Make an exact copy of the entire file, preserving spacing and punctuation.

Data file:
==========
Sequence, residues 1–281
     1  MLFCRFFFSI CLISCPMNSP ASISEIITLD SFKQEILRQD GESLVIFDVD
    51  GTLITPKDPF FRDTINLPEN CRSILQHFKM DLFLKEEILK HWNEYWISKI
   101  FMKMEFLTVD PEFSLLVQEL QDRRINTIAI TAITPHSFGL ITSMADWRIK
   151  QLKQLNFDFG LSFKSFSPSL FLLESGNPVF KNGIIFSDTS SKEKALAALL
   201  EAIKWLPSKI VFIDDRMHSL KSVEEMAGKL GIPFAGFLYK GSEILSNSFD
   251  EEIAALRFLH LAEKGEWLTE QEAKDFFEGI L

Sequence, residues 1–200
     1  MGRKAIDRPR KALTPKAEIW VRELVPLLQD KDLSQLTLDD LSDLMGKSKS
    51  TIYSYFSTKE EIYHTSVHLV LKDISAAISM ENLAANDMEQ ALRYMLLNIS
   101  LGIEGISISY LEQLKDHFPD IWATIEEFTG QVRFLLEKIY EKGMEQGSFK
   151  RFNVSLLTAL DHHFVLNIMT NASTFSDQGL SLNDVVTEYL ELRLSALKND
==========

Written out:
Sequence, residues 1–281
     1  MLFCRFFFSI CLISCPMNSP ASISEIITLD SFKQEILRQD GESLVIFDVD
    51  GTLITPKDPF FRDTINLPEN CRSILQHFKM DLFLKEEILK HWNEYWISKI
   101  FMKMEFLTVD PEFSLLVQEL QDRRINTIAI TAITPHSFGL ITSMADWRIK
   151  QLKQLNFDFG LSFKSFSPSL FLLESGNPVF KNGIIFSDTS SKEKALAALL
   201  EAIKWLPSKI VFIDDRMHSL KSVEEMAGKL GIPFAGFLYK GSEILSNSFD
   251  EEIAALRFLH LAEKGEWLTE QEAKDFFEGI L

Sequence, residues 1–200
     1  MGRKAIDRPR KALTPKAEIW VRELVPLLQD KDLSQLTLDD LSDLMGKSKS
    51  TIYSYFSTKE EIYHTSVHLV LKDISAAISM ENLAANDMEQ ALRYMLLNIS
   101  LGIEGISISY LEQLKDHFPD IWATIEEFTG QVRFLLEKIY EKGMEQGSFK
   151  RFNVSLLTAL DHHFVLNIMT NASTFSDQGL SLNDVVTEYL ELRLSALKND